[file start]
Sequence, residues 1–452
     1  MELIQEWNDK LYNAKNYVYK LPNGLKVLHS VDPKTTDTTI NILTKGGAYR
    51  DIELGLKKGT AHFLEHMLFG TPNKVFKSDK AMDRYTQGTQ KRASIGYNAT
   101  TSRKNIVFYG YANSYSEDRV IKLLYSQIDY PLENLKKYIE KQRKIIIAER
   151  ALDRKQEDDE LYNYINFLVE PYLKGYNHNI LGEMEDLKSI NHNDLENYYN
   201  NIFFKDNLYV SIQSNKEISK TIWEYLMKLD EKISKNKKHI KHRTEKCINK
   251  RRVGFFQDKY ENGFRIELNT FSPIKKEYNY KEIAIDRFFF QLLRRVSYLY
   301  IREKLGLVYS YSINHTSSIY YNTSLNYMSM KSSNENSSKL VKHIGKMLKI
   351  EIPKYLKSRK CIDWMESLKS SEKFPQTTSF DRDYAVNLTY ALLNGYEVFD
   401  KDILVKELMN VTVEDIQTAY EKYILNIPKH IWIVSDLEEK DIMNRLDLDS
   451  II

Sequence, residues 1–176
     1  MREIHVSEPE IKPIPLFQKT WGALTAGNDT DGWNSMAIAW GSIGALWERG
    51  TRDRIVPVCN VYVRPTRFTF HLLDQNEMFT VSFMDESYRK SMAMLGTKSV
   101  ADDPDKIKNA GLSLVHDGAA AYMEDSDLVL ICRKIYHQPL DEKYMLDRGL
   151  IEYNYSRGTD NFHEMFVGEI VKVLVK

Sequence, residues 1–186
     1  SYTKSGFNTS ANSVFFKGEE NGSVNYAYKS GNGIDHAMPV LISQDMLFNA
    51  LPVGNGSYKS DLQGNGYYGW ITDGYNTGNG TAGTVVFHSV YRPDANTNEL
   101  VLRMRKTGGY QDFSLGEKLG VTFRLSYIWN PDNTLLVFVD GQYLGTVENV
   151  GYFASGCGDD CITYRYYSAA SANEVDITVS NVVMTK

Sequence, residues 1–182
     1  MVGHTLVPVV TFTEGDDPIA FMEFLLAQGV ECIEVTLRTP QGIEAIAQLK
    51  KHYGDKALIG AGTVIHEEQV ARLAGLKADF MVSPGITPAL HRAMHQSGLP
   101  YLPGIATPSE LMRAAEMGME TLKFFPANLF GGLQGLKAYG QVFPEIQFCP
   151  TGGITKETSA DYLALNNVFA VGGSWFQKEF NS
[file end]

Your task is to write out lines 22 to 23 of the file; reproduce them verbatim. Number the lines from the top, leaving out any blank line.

Sequence, residues 1–182
     1  MVGHTLVPVV TFTEGDDPIA FMEFLLAQGV ECIEVTLRTP QGIEAIAQLK